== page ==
Salt Life

Directed by Kirk DeMicco

Starring Lana Condor, Toni Collette, Jane Fonda

Released June 30th, 2023

Rated PG

The Gillmans are a family of Kraken living surreptitiously on land among us humans. With their tentacles, skeletal-free bodies, and blue skin, they don’t look human at all, but nobody seems to mind. The Gillmans tell everyone that they are from Canada, and this is enough of an explanation to satiate their community’s fleeting curiosity. I found this to be one of the more delightful elements of Ruby Gillman, Teenage Kraken. It’s the kind of easygoing suspension of disbelief that comic book readers have exercised for years, as a cowl or eye mask wouldn’t effectively hide anyone’s identity, and all Clark Kent has to do to turn into Superman is take off his glasses. 

As the title makes clear, the kraken Ruby Gillman (Lana Condor) is a teenager. She’s a bundle of emotions and energy. She’s a mathlete. She’s got a close group of (human) friends. She’s got a crush on a (human) boy named Connor (Jaboukie Young-White). Everyone at Oceanside high school is obsessed with the upcoming Junior Prom, and the promposals are in full swing. As is the case with many contemporary animated films, there is LGBTQIA+ representation in the movie. And with the budding relationship between Ruby and Connor, it seems that in this universe there’s no issue with interspecies romance. Ruby musters up the courage to ask Connor to prom, but after a confetti cannon misfire (just watch the movie, it will make sense), Connor is knocked into the sea.

Ruby’s kraken mother Agatha (Toni Collette) has made it clear that her family is to avoid the ocean. When Ruby jumps in to rescue Connor, she finds out why. When her body comes into contact with water, it changes color and shape as she turns into a giant monster. After saving Connor, she retreats to a lighthouse where she is found by her mother who explains their family history. We learn that the women in the Gillman family all share this trait, and Ruby heads back into the sea to learn more from the grandmother she’s never met. 

Grandmamah (Jane Fonda) is excited to finally meet Ruby, telling her that she’s in line to become the Queen of the Sea. We learn that krakens have fought a war against mermaids for generations over ocean dominion, and there is a missing trident that could turn the tide of this conflict. Meanwhile a new student at Oceanside High, Chelsea (Annie Murphy), takes credit for Connor’s rescue. Chelsea is confident, flame-haired, and secretly a mermaid. She and Ruby eventually become secret sea besties, even though their species are not supposed to be friends.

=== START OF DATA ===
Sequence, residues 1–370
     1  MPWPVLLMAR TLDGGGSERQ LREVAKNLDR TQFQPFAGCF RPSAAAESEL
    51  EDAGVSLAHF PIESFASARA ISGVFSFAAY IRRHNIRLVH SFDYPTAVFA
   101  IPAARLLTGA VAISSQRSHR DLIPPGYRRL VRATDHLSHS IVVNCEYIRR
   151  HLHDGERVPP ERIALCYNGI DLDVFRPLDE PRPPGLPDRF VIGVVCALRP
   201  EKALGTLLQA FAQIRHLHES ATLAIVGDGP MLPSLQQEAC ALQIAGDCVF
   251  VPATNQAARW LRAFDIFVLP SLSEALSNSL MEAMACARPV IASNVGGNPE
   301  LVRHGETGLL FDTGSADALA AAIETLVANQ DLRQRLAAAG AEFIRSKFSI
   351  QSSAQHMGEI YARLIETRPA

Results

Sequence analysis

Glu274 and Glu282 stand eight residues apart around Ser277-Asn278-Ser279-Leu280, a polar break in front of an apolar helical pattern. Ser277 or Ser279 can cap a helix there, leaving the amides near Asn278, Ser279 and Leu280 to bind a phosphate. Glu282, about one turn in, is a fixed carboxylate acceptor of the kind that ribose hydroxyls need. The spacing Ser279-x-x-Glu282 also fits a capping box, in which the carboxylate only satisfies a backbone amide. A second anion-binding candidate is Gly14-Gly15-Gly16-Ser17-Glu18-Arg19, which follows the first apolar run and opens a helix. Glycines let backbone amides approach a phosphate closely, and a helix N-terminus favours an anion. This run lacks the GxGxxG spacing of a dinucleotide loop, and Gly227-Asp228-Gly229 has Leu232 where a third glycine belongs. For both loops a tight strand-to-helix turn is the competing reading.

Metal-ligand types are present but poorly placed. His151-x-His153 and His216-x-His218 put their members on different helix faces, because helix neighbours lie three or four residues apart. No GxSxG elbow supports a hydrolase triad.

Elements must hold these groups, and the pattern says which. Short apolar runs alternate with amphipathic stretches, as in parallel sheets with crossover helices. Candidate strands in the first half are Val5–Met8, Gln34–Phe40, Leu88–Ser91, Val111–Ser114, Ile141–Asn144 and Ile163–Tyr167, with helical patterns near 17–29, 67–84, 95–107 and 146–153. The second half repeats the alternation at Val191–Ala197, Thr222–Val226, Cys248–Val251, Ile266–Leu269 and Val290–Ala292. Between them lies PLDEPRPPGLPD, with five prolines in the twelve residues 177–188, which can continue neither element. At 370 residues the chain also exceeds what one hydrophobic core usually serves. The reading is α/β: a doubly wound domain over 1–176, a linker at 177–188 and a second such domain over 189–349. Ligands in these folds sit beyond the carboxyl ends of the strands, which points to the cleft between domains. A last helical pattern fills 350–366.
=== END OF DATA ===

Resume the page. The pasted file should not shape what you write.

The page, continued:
Lana Condor and Toni Collette prove to be strong voice actors, and Annie Murphy steals the show as Chelsea the little mermaid. The always welcome Will Forte voices the cleverly named Gordon Lighthouse, an old sea dog with a pet crab who is determined to capture a kraken. I guess Jane Fonda is fine as Grandmamah, but her voice seems to be mixed louder than the rest of the cast and I found that disconcerting. 

There are many moments set to upbeat female-fronted pop music. These scenes are plentiful and come across like short music videos or TikTok clips meant to go viral. Highlights include a pair of tracks from The Linda Lindas and Rita Ora providing vocals for a version of Fatboy Slim’s Praise You.

Ruby’s seaside town looks impressive, with interesting interiors and expressive exteriors that recall the set design of Robert Altman’s Popeye. The character designs for the kraken and the mermaids, both on land and in the water, are inspired. I can’t say the same for the plot. The script is the weakest element, with a relatively low stakes story that doesn’t offer audiences of teen movies anything new. Ruby’s journey feels like a mashup of John Hughes’ oeuvre with 1985’s Teen Wolf. The film’s story may not be groundbreaking, but at least it’s a fast-moving movie with colorful visuals, a few scenes of fighting kaiju, and brief references to Godzilla and Cthulhu. 

I wouldn’t be surprised if Ruby Gillman, Teenage Kraken becomes a tween movie favorite. Dreamworks has come to be quite a respected animation studio by younger audiences in much the same way that Pixar was held in high regard years ago. Case in point: my twelve-year-old son considers this film to be a better version of Pixar’s Turning Red.